Shopify lays off 10% of staff as explosive growth from pandemic fades

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Ottawa-based e-commerce company Shopify Inc. is laying off about 1,000 people as the explosive growth of the company’s online sales business model slows.

“For a company like ours, this news will be hard to digest,” founder and CEO Tobi Lütke said in an email to staff that was later posted on the company’s website.

According to regulatory documents, the company had about 10,000 employees at the end of 2021, double the number it had before the pandemic. The cuts amount to 10 percent of the company’s workforce.

Affected staff will be notified Tuesday. Most of the layoffs will be in recruiting, support and sales, the company says.

Anyone affected will receive 16 weeks of severance pay, plus an additional week for each year they have been with the company. And the company will remove limitations on the stock options to which they may be entitled.

The wave of hiring stops

Josh Waldman was among those fired. A Washington DC-based content designer, Waldman had only been working for Shopify for two months when he was told this morning that he was among those laid off.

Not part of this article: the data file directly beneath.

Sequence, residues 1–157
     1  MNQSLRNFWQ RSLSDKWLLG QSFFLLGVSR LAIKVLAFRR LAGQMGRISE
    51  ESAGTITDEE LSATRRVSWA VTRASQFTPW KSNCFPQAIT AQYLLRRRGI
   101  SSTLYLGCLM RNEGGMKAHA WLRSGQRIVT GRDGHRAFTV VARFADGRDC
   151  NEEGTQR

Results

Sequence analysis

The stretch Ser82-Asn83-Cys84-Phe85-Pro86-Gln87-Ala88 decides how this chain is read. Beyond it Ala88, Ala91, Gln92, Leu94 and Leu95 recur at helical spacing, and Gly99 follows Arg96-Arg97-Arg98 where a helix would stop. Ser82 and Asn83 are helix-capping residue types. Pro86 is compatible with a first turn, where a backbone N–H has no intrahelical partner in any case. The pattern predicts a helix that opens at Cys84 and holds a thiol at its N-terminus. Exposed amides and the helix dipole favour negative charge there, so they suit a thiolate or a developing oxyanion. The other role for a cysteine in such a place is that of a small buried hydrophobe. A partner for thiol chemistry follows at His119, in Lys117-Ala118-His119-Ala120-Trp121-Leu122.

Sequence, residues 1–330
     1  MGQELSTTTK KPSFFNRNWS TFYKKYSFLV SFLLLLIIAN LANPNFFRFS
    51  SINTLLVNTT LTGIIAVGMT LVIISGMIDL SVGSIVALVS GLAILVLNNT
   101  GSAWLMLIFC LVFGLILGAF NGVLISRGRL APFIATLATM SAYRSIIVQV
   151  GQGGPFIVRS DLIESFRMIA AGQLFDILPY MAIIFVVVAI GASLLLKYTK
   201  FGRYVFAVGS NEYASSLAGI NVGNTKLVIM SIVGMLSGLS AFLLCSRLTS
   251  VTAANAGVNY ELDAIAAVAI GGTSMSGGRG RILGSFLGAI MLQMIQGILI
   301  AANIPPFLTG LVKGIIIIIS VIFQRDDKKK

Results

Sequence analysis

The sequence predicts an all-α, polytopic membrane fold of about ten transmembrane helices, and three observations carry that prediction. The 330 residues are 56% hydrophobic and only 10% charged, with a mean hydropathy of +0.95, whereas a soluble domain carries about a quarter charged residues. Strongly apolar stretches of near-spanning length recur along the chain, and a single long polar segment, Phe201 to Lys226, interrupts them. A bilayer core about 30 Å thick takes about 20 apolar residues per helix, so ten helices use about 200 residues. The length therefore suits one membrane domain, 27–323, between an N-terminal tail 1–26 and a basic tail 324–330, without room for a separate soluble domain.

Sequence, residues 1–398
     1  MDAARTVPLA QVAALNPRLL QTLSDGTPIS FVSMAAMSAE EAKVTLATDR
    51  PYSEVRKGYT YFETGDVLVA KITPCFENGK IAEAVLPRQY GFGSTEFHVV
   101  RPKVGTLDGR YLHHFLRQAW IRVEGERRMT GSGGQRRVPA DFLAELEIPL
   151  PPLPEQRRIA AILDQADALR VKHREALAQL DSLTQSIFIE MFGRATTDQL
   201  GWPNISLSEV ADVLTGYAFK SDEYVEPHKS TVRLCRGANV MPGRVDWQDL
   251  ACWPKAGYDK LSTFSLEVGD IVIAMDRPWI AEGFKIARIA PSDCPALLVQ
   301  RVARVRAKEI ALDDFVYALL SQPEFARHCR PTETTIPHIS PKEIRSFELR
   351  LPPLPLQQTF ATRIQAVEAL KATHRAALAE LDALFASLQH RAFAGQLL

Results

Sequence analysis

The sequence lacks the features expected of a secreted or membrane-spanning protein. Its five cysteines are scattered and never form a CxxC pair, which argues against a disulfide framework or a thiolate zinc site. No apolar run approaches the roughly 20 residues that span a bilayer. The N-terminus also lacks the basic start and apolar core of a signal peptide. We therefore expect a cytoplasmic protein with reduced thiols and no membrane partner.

“There have been some rumors of maybe some weirdness on the message boards over the last week or so. [but I] I didn’t think much of it,” he told CBC News in an interview.

SEE | Shopify to lay off roughly 1,000 people:

Shopify lays off 10% of staff amid slower sales

Shopify has laid off 10 percent of its staff as sales fall far short of expectations. The Canadian online retail giant is the latest tech company forced to downsize in the face of rising inflation and fears of a recession.

He learned of the news when he received the aforementioned email from Lütke, followed by one from the company’s COO informing him of his fate.

While he enjoyed his time at the company, he says he’s angry about what he calls the “poor planning” that led to the hiring spree in the first place.

Like many digital-focused companies, Shopify saw demand for its services explode during the pandemic, as lockdowns forced consumers and businesses to quickly adapt to buying and selling online.

That led Shopify to aggressively expand, hiring staff to keep up with the mass of new customers.

“I think they made a lot of really naive decisions based on growth during COVID [but] operating as if that is a permanent increase in e-commerce and online shopping revenue is a mistake, a really big mistake,” Waldman said.

The company apparently acknowledges that in the CEO letter, in which Lütke says online shopping demand is growing, but no longer at the frenetic pace seen in 2020. Overall, he said, e-commerce is where it would have been. if the increase in the pandemic had not occurred.

But Shopify had increased its staffing levels on the assumption that the explosive growth would continue.

“We bet that the … part of the dollars that travel through e-commerce rather than physical retail would be permanently advanced,” Lütke said. “Now it is clear that the gamble was not worth it.”

Satisfied customers